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Antuan Goodwin/CNET

Godzilla 2012: The new GT-R

Nissan unveils the 2012 GT-R at the 2010 Los Angeles Auto Show.

Nissan GT-R
Antuan Goodwin/CNET

When Nissan unleashed its latest version of the GT-R in 2007, it seemed there was no room for improvement. Engineered to extreme levels, this GT-R used a high-power twin turbo V-6, essentially a racing engine, a dual-clutch six-speed automated manual transmission, and a very advanced all-wheel-drive system.

But Nissan demonstrates with the 2012 model that technology can always be improved, increasing engine output by 45 horsepower. And what looks like a minor bodywork update also increases downforce by 10 percent. For a cosmetic update, Nissan added LED running lights.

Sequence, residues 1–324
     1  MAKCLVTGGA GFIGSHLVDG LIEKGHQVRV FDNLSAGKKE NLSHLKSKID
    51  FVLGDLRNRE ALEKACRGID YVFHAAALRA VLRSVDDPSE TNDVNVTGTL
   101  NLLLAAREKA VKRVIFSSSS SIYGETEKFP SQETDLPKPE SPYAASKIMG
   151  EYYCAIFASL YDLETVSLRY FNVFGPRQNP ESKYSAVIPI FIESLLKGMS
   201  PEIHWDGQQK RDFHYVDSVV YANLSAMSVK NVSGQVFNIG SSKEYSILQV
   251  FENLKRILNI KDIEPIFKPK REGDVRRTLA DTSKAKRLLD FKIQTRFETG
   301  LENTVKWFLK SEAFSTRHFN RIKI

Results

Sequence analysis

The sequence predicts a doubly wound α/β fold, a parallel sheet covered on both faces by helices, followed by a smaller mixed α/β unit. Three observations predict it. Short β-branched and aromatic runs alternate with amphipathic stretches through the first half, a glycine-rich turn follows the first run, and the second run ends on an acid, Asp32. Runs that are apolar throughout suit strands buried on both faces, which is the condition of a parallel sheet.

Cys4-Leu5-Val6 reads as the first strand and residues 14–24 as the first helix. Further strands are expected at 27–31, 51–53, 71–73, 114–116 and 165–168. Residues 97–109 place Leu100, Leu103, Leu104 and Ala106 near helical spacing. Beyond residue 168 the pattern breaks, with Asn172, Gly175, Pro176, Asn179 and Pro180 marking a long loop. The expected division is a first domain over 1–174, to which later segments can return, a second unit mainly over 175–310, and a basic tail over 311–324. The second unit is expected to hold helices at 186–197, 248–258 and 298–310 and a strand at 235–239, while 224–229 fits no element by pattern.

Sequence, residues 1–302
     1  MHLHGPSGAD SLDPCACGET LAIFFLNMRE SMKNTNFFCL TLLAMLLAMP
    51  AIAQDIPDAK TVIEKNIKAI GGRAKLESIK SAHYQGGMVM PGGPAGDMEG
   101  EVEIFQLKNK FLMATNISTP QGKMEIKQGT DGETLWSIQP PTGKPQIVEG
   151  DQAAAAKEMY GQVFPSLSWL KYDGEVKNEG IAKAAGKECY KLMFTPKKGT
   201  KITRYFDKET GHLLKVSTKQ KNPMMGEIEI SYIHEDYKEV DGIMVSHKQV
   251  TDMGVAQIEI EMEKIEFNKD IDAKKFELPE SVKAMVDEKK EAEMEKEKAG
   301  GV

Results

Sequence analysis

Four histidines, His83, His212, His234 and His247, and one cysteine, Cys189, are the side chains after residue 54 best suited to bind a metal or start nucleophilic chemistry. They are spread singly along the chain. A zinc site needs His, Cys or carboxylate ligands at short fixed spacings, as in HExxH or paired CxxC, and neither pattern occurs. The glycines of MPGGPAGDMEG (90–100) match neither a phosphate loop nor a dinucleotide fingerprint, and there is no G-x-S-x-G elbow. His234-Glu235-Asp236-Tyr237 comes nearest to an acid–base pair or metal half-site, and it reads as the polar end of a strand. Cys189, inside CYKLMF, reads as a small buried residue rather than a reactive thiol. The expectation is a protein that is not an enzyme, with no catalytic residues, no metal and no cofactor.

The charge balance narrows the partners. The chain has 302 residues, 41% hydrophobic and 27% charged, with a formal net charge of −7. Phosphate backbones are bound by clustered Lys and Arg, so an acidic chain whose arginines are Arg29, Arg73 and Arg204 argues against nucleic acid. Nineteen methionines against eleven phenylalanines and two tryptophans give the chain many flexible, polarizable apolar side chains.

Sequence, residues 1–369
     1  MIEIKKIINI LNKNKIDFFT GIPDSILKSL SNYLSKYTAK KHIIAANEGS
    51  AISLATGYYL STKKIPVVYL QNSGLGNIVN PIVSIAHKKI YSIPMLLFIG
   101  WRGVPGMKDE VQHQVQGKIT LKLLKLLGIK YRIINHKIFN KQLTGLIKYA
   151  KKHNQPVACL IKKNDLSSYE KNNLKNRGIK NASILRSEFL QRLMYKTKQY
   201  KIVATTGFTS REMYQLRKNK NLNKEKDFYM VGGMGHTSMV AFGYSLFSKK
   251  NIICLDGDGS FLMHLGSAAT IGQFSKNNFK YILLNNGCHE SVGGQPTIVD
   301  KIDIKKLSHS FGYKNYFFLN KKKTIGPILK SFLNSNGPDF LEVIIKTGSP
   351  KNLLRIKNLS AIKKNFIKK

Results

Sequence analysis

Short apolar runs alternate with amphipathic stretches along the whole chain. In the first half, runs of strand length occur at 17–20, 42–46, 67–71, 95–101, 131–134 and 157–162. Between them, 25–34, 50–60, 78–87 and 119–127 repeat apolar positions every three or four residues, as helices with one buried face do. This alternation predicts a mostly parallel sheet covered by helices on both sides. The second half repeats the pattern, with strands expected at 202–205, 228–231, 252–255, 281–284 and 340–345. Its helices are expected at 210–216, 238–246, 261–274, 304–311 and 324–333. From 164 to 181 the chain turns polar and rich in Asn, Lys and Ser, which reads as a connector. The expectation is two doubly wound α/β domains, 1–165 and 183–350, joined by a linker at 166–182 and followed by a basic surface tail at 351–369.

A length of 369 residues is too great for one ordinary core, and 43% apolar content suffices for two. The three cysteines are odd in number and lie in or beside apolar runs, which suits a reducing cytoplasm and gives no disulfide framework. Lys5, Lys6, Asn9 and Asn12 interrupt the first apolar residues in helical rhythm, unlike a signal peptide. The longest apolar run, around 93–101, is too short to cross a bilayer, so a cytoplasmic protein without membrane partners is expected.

We also found a slight mystery on the all-wheel-drive control switch. In the most recent version of the GT-R we've driven, a 2010 model, the all-wheel-drive switch offered racing, normal, and snow modes. In the cabin of the 2012 model, we noticed the Snow label has been replaced by Save.

Could Nissan have added a driver-programmable all-wheel-drive mode? It seems like you would need more than a simple save button for that, but we shall see as more information on the 2012 model comes out.